The last time I saw Metallica in a film all about Metallica, it was during the theatrical run of Metallica: Some Kind of Monster. The documentary, by filmmakers Joe Berlinger and Bruce Sinofsky (better known for their brilliant, inspiring Paradise Lost series of films), introduced us all to the flawed, human side of rock gods Metallica. It was a portrait of a band at odds with each other, and at odds with their very name, which had become a brand entity far larger than life. The band couldn’t just write a new song, for example, without considering all the employees and management they were responsible for. Creatively, it was more than a little stifling. Psychologically, it required therapy.
I remember, as the film ended, walking out of the theater with the mass of Metallica fans who had shown up for that screening. In front of me was a large man, his girlfriend or wife beside him, muttering to himself about the film. As I got close enough to hear his quiet diatribe, all I could make out was, “Some kind of monster? More like some kind of p*****s.” Turns out, even though I enjoyed the film, some weren’t interested in seeing their favorite band sharing their feelings. Especially if that band was ridiculously rich and famous.
Which brings us to the 3D IMAX extravaganza that is Metallica: Through the Never. If Some Kind of Monster was a representation of the down-to-earth band, Through the Never is the return of the rock gods to Olympus. A concert film that is as intense and enveloping as it is often artificial, this is the Metallica that many had built up in their minds. This is the Metallica that Metallica wants you to remember. Larger than life, over-the-top and supremely powerful.
It’s all right there. Before the film even launches into the performance sequences, we’re given a glimpse of the band through the eyes of roadie Trip (Dane DeHaan), in the opening to the fictional narrative that flows throughout, as he arrives at the arena for the show. Walking through the parking garage, he sees Hetfield arrive in a classic hot rod, spewing flames. Hammett is there, holding a bleeding guitar, either because he shredded it to death or the blood is from his own hands and their awesomeness. Trujillo is practicing bass in a room off the main hallway, making such a sound that it seems to vibrate the entire arena. Finally there’s Lars, who looks like an officious prick. I mean, he’s walking and appears to be intently chatting with concert organizers, but he still has time to give Trip a “who do you think you’re looking at?” glare.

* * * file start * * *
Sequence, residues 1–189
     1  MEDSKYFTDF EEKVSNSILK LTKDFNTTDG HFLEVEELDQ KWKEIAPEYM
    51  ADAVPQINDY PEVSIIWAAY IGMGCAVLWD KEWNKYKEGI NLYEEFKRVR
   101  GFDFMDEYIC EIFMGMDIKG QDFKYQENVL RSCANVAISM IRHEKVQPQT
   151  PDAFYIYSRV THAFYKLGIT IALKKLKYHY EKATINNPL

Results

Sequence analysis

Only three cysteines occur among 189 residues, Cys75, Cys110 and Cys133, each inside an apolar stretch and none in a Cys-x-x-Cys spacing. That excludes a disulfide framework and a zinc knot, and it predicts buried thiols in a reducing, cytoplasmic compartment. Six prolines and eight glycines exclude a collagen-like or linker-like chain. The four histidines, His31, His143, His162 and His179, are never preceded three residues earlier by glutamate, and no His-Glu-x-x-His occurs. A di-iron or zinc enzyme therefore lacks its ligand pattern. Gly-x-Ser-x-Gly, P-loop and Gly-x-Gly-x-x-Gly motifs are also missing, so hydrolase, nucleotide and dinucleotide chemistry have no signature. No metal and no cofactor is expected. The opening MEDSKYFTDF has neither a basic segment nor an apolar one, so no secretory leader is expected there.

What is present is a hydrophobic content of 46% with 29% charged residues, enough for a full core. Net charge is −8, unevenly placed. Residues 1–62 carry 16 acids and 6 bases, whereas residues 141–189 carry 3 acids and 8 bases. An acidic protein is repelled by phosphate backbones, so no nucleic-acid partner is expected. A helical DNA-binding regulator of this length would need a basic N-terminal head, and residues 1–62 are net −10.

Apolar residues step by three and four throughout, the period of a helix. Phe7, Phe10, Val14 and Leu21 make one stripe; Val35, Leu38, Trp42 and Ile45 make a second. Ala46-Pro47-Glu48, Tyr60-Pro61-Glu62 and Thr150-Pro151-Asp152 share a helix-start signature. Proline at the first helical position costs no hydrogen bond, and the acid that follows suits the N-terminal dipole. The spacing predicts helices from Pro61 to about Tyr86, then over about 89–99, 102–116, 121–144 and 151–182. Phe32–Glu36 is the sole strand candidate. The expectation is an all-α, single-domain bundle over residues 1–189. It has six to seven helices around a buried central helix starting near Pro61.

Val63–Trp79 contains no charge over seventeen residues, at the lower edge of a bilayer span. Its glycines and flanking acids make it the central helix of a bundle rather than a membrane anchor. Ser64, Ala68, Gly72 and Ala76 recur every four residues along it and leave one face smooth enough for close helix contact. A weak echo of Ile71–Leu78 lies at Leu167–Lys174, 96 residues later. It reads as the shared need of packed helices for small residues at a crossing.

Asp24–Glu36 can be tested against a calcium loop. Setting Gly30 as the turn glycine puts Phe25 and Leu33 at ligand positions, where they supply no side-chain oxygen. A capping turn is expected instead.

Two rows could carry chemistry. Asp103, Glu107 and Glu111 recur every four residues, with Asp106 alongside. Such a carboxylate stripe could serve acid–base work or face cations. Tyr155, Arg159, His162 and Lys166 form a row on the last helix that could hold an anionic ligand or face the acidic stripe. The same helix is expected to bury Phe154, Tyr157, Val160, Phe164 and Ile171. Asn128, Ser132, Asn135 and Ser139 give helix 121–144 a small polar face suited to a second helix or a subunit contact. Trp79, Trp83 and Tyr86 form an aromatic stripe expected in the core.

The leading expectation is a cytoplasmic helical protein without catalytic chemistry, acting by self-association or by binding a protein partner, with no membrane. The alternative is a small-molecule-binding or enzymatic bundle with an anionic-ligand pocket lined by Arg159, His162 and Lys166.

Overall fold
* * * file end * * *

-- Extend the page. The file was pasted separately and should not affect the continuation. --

Since we know this entire film was crafted by filmmaker Nimród Antal and Metallica, these are the impressions the band wants you to have. They’re re-claiming their myth, which means anything you see in this film is on purpose. When a mic goes dead mid-performance, and Hetfield gets pissed, all that was supposed to happen. Therein exists the artificial feel that surrounds the performances. In more than a few ways, and especially when things get really insane, it feels like you’re watching an episode of Metalocalypse play out.
Then again, such artifice is no different than what you’d see in a performance music video (this entire film is no different from an extended music video, really), so it doesn’t really matter. This is still Metallica, mixed and crafted to be best experienced in IMAX, presented in such boisterous detail throughout that you can’t help but get caught up in it. It really is like being at the best Metallica show, with the best seats that anyone could ever have. I don’t know how this will translate to a home setup, but it absolutely must be experienced in the 3D IMAX.
As a fan of Metallica, I got swept up in it. Again, it’s larger than life and monstrous, the entity that the band lamented in Some Kind of Monster alive and in your face. My main issue with the film is that it didn’t feel content to just give us an incredible performance film, and instead tried to layer in that simultaneous narrative of Trip being sent on an errand during the show.
Because Trip’s storyline is, overall, a MacGuffin, and DeHaan’s performance is one of quiet shock as he becomes a tortured punching bag for almost ninety minutes. He’s supposed to pick up something for the band, but he doesn’t know where or what it is until he gets there, and it doesn’t matter anyway. Ultimately, he doesn’t matter. His adventure is a descent into Hell, with the Metallica concert as soundtrack. It offers some interesting imagery (and you could debate why Metallica felt some of those sequences should be included in the film, and what they were trying to say there), but overall it’s just a device to loosely connect songs and make it feel like this isn’t just a performance film. I guess all involved felt, if this is going to be in IMAX 3D, it better include something extra, like a narrative. I disagree, but I see the logic.
In the end, for better or worse, this is the Metallica that Metallica wants you to think about when you hear their name. It’s myth-making at its rock star finest, and some may be turned off by the artificiality of that element, but it’s fun nonetheless. If you like their music, you can’t deny the power of its presentation here, and even if you hate everything else about it, that alone should get you in a seat.